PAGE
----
The MLS was launched in 1996 with 10 teams (and has since expanded to 29 teams).
And research shows that there has been incredible growth in both participation and attendance across the US:
Soccer is the 2nd most participated sport for Gen Z; 3rd for Millennials
It’s one of the fastest-growing high school sports over the past 10 years
Average MLS attendance is up 67% since 2012 (multiple teams are even selling out entire NFL stadiums)
46 million fans are interested in the MLS — with the majority (27 million) joining in the past 10 years
youngest professional sports fan base in North America at an average age of 39.6 years
The average MLS club is valued at $550M (quickly approaching the NHL average of $865M).
At the current CAGR (compound annual growth rate), the average MLS club value will be worth more than the NHL average by 2026.
Something else to note…
The foreign-born population in the US is predicted to increase 51% by 2040.
I would be shocked if the MLS didn’t benefit from this trend (as many of these people will come from soccer-loving countries).
2026 World Cup Will Explode Growth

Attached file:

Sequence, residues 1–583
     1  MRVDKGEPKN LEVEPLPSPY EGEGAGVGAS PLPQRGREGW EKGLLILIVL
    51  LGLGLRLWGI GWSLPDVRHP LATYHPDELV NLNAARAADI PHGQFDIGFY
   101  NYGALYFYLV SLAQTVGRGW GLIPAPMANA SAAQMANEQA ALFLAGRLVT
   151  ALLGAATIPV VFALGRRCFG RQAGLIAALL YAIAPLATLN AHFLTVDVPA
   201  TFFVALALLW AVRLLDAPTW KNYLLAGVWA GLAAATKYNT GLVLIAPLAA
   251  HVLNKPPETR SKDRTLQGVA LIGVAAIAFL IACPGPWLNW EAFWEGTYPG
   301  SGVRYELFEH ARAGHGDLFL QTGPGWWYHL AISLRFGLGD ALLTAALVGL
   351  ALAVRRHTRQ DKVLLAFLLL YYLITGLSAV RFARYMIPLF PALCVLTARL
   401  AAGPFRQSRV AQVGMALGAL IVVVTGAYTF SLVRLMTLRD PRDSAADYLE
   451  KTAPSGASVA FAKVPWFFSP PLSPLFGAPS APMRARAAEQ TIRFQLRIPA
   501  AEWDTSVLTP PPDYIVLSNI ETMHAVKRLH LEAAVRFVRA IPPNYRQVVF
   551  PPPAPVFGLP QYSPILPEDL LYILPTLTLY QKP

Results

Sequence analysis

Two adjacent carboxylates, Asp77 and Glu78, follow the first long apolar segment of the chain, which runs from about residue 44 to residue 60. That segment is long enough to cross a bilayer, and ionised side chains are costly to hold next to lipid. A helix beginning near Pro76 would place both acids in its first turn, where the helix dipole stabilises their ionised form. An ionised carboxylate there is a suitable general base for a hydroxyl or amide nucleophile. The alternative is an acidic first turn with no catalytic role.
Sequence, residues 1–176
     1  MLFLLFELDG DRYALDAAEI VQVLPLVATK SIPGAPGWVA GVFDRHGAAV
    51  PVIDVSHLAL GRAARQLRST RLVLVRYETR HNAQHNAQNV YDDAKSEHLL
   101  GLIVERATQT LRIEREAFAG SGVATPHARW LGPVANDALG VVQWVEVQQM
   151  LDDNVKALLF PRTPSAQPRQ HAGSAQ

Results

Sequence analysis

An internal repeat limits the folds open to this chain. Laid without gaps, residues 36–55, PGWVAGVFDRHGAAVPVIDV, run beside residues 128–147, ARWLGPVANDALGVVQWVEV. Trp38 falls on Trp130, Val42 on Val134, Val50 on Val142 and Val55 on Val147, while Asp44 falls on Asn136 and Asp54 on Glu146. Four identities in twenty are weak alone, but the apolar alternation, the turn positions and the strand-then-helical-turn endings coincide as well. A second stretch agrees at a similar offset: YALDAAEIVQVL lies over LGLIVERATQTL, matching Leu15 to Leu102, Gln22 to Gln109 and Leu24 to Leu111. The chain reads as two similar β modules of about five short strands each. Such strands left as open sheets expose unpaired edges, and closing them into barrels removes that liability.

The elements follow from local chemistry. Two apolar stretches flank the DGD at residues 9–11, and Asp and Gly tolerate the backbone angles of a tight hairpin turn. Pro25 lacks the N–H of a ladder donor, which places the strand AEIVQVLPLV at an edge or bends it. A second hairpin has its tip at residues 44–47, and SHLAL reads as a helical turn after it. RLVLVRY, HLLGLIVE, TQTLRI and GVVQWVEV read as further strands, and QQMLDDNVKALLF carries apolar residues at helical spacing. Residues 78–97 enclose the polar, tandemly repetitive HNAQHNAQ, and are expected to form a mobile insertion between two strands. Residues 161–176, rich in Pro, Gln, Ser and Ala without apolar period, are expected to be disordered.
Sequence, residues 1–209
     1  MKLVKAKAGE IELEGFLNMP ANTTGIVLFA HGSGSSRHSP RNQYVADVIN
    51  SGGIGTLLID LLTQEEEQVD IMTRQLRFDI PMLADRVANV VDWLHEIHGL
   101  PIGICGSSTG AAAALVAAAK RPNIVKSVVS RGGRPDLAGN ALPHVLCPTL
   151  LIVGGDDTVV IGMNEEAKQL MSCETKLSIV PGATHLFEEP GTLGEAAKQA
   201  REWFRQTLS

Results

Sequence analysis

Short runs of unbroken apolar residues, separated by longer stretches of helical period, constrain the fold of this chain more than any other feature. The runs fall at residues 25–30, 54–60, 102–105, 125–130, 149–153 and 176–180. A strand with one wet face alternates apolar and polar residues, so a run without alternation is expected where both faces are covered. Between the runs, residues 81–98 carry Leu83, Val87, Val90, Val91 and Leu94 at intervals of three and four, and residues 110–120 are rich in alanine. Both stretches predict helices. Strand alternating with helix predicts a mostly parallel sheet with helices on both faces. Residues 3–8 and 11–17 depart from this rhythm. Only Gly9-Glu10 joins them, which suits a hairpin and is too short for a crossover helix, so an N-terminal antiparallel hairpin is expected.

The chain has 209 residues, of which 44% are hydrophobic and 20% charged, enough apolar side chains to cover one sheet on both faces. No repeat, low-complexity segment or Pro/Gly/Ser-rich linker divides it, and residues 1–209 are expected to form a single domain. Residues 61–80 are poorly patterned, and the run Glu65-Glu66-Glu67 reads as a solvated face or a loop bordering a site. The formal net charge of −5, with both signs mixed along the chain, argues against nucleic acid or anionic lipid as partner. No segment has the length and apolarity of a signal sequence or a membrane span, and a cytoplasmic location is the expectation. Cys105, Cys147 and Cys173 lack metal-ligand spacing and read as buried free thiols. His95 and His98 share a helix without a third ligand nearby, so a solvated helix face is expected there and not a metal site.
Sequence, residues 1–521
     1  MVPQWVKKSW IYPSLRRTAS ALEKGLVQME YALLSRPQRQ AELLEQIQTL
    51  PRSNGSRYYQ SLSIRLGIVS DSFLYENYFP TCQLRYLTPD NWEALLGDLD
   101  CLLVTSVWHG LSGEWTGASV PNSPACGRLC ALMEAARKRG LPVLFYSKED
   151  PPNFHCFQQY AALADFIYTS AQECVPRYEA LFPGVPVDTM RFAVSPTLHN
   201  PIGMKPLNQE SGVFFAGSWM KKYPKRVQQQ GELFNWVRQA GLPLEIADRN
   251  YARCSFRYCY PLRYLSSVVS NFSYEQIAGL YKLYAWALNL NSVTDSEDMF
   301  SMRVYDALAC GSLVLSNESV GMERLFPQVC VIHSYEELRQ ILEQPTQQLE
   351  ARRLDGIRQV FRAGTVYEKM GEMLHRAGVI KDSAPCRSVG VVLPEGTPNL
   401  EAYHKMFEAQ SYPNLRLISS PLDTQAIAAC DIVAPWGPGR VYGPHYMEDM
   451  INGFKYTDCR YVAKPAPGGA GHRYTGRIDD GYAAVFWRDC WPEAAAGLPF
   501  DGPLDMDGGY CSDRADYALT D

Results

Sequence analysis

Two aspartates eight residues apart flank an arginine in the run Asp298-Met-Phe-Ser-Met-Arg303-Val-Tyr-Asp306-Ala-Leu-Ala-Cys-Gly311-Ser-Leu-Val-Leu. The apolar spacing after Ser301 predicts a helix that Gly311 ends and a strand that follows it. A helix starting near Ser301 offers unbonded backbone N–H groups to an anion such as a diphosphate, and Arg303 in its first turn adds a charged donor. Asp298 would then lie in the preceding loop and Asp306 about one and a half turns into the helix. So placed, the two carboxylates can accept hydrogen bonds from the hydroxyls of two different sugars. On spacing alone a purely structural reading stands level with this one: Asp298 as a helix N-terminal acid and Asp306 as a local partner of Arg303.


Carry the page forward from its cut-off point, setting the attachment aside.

It is difficult to conceptualize the worldwide popularity of the World Cup.
The championship game is the #1 watched spectacle in the world (with over 2.5X the viewership of the Super Bowl).
In 2026, 64 games will be played in North America and attract over 4.5M attendees, thousands of viewing parties, and will be impossible to go unnoticed in your lives.
The MLS has reached a strategic inflection point and is poised for explosive growth.
This will have lasting impacts…
Illustrating What’s Coming
Let me give you a good example of just how far MLS and US soccer has come.
Michael Bradley was making less than $36,000 when he left the MLS for a playing tour in Europe in 2024.
When he returned in 2014, he got $6.5 million to play with Toronto FC.
And when a league starts to win — better players emerge, money increases, big brands enter the space, and a massive gap is created for services/products to build in the space.
Add in the fact a 2026 World Cup is on the horizon — and things get exciting.
I’m already seeing it!
I had a fascinating conversation with a company in stealth about to attack the youth soccer space.
It’s co-founded by a USMNT legend and engineer #2 at GitHub (acquired by Microsoft for $7.5B)